The Brit Meteorological Office’s day to day forecasts are famously inaccurate, so it’s not surprising its longer term predictions are equally useless.
The problem lies in the location of the UK – it’s warmed by the Gulf Stream, but right next to the heat sink of the European land mass, so its weather system is highly complex and volatile.
Brits take the today’s weather as the best forecast of tomorrow’s, and ignore the Met Office – as general Eisenhower (correctly) did when he launched D-Day.
The Met Office does however take itself seriously, thus (my emphasis):
12 March 2007: Britain is on course to swelter in the hottest year since 1659, when records began, weathermen said yesterday.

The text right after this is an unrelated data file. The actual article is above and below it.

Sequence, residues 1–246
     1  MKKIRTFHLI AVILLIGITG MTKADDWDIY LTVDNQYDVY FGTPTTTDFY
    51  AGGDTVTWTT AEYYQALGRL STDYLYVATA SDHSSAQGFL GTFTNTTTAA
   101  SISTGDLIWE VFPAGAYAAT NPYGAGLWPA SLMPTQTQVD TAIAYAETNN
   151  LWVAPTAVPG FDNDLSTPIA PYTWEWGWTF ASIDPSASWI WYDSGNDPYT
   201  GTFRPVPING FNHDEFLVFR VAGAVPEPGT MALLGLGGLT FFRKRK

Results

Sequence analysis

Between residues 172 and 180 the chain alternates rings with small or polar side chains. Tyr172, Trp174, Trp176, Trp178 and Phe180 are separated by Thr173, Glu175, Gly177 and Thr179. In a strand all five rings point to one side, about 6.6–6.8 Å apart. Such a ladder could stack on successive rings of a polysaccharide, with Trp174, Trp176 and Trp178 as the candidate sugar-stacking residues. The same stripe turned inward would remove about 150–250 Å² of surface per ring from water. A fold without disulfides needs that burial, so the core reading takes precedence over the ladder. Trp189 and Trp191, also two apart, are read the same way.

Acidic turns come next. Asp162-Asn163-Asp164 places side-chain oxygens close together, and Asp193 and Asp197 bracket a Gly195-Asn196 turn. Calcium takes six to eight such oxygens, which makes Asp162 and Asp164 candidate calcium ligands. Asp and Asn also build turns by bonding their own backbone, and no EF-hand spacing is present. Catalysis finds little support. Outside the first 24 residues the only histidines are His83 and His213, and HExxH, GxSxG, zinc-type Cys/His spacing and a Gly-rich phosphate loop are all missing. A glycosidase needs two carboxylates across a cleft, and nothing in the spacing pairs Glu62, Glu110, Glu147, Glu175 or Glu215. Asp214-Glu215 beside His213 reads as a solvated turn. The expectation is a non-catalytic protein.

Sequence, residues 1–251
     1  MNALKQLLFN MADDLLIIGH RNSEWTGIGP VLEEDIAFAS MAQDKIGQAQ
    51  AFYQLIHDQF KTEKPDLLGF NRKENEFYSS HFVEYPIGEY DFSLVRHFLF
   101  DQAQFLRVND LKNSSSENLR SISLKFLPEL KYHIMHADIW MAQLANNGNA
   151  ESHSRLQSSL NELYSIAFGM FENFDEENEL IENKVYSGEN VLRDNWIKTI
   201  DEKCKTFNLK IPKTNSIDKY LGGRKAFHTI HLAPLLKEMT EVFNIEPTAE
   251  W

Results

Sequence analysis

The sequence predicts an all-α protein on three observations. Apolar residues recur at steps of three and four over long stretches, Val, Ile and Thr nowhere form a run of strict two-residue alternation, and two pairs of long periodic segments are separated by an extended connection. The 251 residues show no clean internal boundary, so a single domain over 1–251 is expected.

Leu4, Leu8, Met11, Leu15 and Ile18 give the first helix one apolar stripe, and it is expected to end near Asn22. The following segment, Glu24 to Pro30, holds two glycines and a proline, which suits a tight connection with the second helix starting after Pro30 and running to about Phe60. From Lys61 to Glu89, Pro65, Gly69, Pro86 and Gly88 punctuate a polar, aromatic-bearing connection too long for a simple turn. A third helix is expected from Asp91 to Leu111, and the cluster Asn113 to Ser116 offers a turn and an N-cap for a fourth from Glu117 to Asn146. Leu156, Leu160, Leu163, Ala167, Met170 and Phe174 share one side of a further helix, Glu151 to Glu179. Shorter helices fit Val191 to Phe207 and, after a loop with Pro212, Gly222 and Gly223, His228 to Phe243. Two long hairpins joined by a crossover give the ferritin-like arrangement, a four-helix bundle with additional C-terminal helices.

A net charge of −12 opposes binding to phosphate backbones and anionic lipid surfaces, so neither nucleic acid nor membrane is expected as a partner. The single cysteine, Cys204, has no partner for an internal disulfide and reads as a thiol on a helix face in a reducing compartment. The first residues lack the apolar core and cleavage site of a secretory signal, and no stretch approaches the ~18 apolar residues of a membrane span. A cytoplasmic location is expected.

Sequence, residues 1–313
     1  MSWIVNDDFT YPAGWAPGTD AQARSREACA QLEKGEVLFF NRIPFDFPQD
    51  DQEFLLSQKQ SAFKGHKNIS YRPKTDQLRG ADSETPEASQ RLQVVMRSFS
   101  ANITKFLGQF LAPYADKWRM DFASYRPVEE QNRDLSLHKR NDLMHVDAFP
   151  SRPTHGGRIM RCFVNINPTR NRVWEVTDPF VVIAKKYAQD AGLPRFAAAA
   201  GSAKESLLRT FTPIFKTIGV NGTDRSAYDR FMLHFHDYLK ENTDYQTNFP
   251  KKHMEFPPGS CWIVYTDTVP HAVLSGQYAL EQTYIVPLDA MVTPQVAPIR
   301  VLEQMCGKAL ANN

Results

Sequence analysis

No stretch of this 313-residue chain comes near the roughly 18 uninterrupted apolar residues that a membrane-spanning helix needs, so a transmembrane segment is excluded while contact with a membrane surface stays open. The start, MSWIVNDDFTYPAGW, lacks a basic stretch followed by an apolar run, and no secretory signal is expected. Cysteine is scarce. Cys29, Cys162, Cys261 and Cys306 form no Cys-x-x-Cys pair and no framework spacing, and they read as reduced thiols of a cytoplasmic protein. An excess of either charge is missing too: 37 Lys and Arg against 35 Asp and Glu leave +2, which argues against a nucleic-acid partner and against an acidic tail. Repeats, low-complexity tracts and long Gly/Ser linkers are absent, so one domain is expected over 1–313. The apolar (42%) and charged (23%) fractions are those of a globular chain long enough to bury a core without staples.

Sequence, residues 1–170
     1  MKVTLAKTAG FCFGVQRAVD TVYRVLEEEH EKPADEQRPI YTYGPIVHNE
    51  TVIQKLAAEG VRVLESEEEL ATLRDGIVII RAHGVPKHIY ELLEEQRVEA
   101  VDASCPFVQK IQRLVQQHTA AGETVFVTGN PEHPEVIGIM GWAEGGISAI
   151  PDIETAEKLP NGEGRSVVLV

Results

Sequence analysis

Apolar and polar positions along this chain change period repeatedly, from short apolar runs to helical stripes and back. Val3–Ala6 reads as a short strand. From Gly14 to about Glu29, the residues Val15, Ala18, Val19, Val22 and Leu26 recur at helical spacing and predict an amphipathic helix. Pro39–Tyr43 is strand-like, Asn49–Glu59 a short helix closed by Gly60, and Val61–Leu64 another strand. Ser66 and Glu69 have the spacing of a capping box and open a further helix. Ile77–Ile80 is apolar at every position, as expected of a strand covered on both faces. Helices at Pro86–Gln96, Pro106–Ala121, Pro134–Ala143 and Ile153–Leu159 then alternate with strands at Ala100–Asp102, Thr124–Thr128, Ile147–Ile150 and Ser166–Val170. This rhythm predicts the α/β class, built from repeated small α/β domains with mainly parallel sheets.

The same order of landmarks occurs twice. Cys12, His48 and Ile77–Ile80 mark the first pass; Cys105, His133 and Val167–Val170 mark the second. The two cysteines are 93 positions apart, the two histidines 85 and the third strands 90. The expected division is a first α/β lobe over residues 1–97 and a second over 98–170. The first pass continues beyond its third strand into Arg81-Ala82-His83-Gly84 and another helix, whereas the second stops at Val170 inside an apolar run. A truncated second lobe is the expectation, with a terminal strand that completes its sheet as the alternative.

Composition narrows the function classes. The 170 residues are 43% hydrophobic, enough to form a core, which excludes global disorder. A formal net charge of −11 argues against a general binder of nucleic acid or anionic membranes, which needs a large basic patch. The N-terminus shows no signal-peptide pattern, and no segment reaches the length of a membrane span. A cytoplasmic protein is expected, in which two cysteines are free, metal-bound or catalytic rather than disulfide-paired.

This year is already 2.7C hotter than average and forecasters say it will smash the record for the warmest year ever if the trend continues. It comes just months after 2006 was named the hottest year on record but that was just 1.35C warmer than usual. This year has seen that difference double so far.
Here’s how 2007 turned out:
31 December 2007: This has been the second-hottest year ever recorded in Britain, according to the Met Office, but 2008 is set to begin with snow and freezing temperatures.
This average is just below the 49.5F (9.7C) set last year, the warmest since records began in 1914…
So instead of it being the hottest year in 348 years, 2007 was just the second hottest in 93 years.